PL: And getting back to the question that you asked, Tami, some people, they have back problems, and of course they think there’s something physically wrong with their back. For example, they may go to see an orthopedic surgeon, and they may look at the X-rays or the MRIs or the CT scans, and the doctor says, “Well, look. We can see where this problem is coming from.” And that is a possibility. But some studies were done where people who had identical radiographic findings—so in other words, the two backs look exactly the same—one person was in severe pain, and the other person had no pain at all. Why is that? Well, again, these are the things we address in this program.

There are times when you have to have surgery. You know—when the legs are going numb, you’ve gone past where other methods can help, most likely. So it’s important to be working with a physician as well as working psychologically or working with the body to enlist its own healing responses. So you do want to, of course, have advice from a physician. But again, at the same time, I think people—very often, the doctor says, “Look, do you see the X-rays? Your back is a mess.” Then [the idea] that that is the cause becomes locked into the person’s mind. Unfortunately, many times, when surgeries are done when it wasn’t really necessary, it actually leads to more pain.

So in the program, we do try to help lead people through these questions, to be able to ask questions of the physicians, and to get second, maybe sometimes even third, opinions to separate what the possibilities are. Because when you’re in pain, people will do almost anything to get out of pain. And if surgery is suggested, maybe the person will go right to surgery when there really is breathing room to explore other possibilities, such as what we describe in the program.

TS: Now Peter, you said something very interesting. You said two different people with the same basic X-rays—one could be in pain, and one could not be in pain. How do you explain that?

PL: Well, again, we don’t know all the reasons for that, but it’s very likely—but I don’t believe studies were done specifically on this hypothesis—that the people with the higher pain are the ones who have the greater trauma histories or the greater bracing patterns. But again, remember the bracing pattern, no matter what causes it, it causes more pain. So again, there are certain indications where surgery is absolutely necessary. But my experience, and those of many orthopedic surgeons that I have spoken to—really feel that that is a minority of the people who see them for pain. So we try to get a dialogue, an effective dialogue, a positive dialogue between physicians and patients.

TS: It sounds like that’s the place where the pain is made worse. It’s amplified because of this bracing pattern. And Maggie, you were talking about how in the somatic experiencing method that you and Peter teach, there’s a way to interrupt this pattern right here in the present. So talk to me about that. How do we do that?

MP: Right, OK. Let me give you an example, and then I’ll talk from that. You mentioned back pain, and it’s so common, so I’ll use that as an example. Working with a—I think he’s probably about 38 years old now—and he has had back surgery before he worked with me. The reason he got in touch with me is because the back surgery made him worse. Basically, it caused more pain, and of course, Peter and I know, more bracing. And I’ll get to that in a moment. So that’s why he said, “I need help. I don’t understand what is going on. Other people that have had this same surgery and went to the same physical therapist that I did, they’re doing fine. Why is it that I am struggling like this?” After talking to him, I assured him that he was not malingering. It wasn’t all in his head. In fact, there were probably some very good reasons as to why he wasn’t recovering—and that we needed to look at them together so we could help him recover from those.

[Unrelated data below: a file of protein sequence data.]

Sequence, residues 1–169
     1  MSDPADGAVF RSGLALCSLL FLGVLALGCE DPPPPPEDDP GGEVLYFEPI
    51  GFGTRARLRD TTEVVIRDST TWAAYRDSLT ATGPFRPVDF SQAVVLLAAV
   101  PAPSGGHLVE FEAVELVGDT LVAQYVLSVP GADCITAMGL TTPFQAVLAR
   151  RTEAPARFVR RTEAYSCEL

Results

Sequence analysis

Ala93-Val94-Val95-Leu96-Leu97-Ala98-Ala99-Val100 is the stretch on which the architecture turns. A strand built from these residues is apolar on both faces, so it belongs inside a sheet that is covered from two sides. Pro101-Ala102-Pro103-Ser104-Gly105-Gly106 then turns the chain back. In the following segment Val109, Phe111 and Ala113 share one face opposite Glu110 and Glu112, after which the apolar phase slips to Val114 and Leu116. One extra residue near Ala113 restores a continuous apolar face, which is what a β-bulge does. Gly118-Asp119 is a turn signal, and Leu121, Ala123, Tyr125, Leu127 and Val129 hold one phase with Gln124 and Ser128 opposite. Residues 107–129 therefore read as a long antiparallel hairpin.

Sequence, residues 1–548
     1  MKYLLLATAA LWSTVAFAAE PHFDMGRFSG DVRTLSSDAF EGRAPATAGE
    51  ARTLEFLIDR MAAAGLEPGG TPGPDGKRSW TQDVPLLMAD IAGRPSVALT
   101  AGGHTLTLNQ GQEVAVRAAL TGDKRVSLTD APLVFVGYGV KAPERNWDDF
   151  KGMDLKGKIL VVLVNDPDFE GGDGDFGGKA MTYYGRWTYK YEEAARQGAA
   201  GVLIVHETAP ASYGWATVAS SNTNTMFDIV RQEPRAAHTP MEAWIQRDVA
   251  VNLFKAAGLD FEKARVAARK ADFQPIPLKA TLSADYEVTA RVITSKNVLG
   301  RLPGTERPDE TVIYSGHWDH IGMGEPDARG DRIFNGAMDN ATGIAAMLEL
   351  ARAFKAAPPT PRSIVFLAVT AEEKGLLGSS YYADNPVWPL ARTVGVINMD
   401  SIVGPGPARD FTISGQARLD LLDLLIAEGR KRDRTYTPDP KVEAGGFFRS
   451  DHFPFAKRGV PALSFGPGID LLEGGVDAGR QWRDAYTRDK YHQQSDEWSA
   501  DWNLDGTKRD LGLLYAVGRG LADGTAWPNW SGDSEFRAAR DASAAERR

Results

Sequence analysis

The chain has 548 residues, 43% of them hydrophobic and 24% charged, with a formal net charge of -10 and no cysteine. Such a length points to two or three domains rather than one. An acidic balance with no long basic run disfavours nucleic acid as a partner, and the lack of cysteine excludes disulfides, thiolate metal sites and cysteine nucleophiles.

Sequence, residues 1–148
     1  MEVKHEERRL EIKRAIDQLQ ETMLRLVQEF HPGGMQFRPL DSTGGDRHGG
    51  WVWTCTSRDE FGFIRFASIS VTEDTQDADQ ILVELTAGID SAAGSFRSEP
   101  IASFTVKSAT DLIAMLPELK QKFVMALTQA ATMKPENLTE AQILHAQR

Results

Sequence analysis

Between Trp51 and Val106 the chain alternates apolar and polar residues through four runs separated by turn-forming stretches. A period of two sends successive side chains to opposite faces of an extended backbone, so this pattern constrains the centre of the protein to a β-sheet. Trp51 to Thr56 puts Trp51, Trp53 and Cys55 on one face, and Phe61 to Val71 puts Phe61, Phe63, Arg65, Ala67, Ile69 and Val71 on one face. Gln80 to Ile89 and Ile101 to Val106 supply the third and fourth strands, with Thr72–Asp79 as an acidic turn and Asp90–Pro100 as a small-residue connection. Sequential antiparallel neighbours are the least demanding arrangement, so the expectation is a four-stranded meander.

Well, as we begin to work together, it turns out that what he did after the surgery was that he braced against the pain and the fear of the surgery itself in ways that other people don’t always brace. Now, why is that? This is where we had to get a little bit creative and help him be willing. The main word that Peter and I use is “curious.” We try to help people develop curiosity about what could explain this. It doesn’t mean that something is wrong with me. It means that maybe something is right with me, that my body is simply trying to help me in ways that I don’t recognize, and it can be sometimes that the mind is fighting back against what the body is trying to do.

So that was true in his case. What he would do is sort of beat himself up internally that he wasn’t working hard enough in physical therapy, or he wasn’t exercising enough; he was getting lazy. He had this kind of inner critical pattern that went on that really further kept him bracing against himself. So he began to recognize—as we unfolded some of this—that his body was tense when he would have these onslaughts of criticism or when he would push himself further. He happened to be a surfer, and he was a competitive surfer before all of this started happening. So he was used to pushing his body, and he didn’t recognize that now, when he pushes after he’s been traumatized by the surgery as well as the injury before that, that he’s getting a third layer of bracing and constriction. And so what he’s learning to do now is to recognize it.

So part of our approach really is a mindful one. That is, we train people how to get curious about their experience, how to accept it, and how to connect with it. So he has learned some of those skills, and now, when he gets scared, he goes back to his surgeon. The last time this happened, he called me up in a panic and said, “The surgeon told me I might need more surgery, and maybe I should just go ahead and do that because maybe I’m just not progressing enough.” I said, “OK, wait a minute. Stop right now, and tell me what’s happening inside you as you tell me about your visit to the surgeon.”